More MS news articles for August 2000

U.S. Pledges to Resist State's Medical Marijuana Law

Court: Government vows to penalize doctors who recommend pot. ACLU suit says that violates free speech.

From Associated Press

SAN FRANCISCO--The Department of Justice pledged Thursday to continue resisting California's voter-approved medical marijuana law, arguing that the government has the right to penalize doctors who recommend cannabis by revoking their licenses to dispense medication.

Justice Department lawyers argued their position in U.S. District Court here during what may be the final stage of a lawsuit brought by the American Civil Liberties Union. The ACLU contends that the government's position violates doctors' free speech rights, and that many doctors now resist recommending pot for fear of losing their federal right to prescribe medication.

U.S. District Court Judge William Alsup was expected to rule within weeks, lawyers said, and the ruling could have broad implications for several states with similar laws.

Measures similar to California's Proposition 215, which voters approved in 1996, have passed in Alaska, Arizona, Hawaii, Maine, Nevada, Oregon and Washington state.

Department of Justice lawyer Joseph W. Lobue told the judge that the government doesn't care whether California voters approved the so-called Compassionate Use Act, which allows patients to grow and possess marijuana for medical use with a doctor's recommendation.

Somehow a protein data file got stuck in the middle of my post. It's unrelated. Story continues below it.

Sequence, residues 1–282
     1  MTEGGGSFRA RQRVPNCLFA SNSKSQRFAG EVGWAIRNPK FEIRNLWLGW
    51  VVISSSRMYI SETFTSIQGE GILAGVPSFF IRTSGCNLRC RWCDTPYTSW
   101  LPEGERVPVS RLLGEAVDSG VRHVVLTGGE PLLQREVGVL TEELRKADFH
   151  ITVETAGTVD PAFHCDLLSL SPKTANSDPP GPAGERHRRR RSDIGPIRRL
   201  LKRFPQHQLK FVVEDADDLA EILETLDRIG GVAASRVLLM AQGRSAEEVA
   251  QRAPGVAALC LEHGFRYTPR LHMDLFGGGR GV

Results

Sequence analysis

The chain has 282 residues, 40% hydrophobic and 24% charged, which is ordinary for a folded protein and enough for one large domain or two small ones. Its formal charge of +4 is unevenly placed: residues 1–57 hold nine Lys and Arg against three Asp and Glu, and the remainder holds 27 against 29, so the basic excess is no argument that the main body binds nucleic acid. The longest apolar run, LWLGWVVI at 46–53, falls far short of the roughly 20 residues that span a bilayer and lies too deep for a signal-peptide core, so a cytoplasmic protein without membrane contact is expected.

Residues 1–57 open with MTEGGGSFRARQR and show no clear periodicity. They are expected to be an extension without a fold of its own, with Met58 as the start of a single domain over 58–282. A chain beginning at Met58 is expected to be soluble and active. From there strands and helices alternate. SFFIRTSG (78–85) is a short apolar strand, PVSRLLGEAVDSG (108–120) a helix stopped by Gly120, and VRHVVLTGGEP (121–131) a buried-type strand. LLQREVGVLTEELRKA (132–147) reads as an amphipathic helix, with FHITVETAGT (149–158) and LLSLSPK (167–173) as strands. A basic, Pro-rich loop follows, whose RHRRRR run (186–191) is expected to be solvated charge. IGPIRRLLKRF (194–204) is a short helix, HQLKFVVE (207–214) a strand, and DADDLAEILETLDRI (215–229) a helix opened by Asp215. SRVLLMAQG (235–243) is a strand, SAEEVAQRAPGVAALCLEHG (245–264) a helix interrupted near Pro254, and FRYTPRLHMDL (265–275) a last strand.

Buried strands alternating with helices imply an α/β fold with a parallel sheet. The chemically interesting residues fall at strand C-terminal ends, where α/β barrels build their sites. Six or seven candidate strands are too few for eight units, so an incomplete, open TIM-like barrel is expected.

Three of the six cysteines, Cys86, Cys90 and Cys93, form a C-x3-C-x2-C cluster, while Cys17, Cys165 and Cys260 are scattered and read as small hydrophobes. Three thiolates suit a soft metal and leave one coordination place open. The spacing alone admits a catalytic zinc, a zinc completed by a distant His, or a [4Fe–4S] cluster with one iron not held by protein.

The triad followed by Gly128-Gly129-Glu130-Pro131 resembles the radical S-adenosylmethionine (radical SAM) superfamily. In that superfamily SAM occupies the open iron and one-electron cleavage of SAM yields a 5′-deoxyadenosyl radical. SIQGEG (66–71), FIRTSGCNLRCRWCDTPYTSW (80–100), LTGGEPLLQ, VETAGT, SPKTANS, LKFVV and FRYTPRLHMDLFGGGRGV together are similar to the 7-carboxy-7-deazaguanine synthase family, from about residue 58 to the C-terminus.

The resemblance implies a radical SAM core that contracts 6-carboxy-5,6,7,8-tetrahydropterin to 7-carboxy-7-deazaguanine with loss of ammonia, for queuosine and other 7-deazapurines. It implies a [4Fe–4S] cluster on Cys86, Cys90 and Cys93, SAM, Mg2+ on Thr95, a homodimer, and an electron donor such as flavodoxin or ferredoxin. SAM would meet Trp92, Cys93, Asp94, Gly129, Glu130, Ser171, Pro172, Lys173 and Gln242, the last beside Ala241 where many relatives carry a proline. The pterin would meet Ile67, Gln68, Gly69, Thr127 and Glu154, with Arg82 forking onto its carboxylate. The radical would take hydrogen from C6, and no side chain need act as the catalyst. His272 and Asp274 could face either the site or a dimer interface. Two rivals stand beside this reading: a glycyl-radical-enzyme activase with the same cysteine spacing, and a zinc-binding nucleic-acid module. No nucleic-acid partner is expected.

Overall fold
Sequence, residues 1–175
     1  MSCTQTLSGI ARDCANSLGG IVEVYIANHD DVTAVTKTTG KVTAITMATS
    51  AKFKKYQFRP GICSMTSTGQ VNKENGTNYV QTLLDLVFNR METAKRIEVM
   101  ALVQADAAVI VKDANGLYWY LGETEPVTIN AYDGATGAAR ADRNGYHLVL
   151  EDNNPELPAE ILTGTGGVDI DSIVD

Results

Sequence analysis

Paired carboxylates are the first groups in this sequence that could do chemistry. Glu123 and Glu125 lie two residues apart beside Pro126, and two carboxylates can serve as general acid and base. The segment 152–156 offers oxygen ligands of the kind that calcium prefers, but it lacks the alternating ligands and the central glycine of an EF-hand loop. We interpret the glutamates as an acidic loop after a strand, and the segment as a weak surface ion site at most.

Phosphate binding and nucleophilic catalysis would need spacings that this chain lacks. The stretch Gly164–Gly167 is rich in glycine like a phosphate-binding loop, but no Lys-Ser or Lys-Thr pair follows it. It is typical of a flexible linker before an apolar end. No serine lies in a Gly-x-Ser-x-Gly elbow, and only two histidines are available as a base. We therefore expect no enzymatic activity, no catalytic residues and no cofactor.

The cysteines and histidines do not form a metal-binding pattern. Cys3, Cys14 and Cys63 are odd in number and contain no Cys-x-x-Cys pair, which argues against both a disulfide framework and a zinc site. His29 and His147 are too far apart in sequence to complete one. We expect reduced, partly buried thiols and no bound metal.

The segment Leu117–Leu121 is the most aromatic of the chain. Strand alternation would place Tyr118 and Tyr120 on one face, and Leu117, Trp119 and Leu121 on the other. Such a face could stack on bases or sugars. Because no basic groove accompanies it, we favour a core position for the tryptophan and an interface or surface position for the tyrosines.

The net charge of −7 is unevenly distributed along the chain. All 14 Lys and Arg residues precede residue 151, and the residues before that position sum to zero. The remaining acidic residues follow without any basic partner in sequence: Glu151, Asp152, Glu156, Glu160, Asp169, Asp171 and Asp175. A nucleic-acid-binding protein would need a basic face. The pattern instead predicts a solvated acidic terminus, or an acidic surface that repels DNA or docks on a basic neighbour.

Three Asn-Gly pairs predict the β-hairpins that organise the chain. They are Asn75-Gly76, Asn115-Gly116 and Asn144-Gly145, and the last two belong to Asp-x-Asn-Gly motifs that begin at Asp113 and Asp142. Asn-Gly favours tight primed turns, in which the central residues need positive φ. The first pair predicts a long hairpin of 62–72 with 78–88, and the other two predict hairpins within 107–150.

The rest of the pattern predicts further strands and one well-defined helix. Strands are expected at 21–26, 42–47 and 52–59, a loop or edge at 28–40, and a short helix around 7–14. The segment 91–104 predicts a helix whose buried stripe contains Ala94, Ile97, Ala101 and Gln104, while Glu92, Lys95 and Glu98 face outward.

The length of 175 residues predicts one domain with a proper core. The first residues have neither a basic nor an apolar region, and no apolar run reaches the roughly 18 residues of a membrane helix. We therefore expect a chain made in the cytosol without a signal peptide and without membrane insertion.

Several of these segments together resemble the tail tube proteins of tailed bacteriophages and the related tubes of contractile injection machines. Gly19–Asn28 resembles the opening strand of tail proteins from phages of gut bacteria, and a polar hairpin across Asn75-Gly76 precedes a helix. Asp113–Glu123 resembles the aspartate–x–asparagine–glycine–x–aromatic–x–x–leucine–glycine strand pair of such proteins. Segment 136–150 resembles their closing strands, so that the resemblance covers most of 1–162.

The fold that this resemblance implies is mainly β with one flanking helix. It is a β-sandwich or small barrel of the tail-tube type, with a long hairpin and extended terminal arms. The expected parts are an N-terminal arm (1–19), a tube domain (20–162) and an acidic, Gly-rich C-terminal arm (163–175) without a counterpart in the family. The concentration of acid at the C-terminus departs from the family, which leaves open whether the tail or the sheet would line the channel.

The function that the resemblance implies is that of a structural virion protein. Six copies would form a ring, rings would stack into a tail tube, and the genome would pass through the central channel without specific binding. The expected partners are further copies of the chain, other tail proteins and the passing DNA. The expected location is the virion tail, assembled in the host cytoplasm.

"It doesn't matter what California says," Lobue argued.

Arguing that federal law applies to the country no matter how states may have voted, Lobue said the government would take the same position "in Oklahoma if they had that law."

Legal jockeying in California began three years ago when White House drug policy chief Barry McCaffrey said that doctors who recommended marijuana would lose their federal licenses to prescribe controlled substances. He said the doctors would be excluded from Medicare and Medicaid and could face criminal charges.

"That is censorship in its pure and complete form," ACLU attorney Graham Boyd said Thursday.

In 1997, a federal judge issued a temporary order prohibiting the government from taking such action pending the case's resolution.

Ten doctors and five of their patients, all of whom are represented by the ACLU, say marijuana can be beneficial to patients with AIDS, HIV, cancer, glaucoma and seizures or muscle spasms associated with chronic, debilitating conditions.

The government's position is that marijuana has no proven medical benefits and that the Federal Drug Administration has not authorized doctors to even recommend it.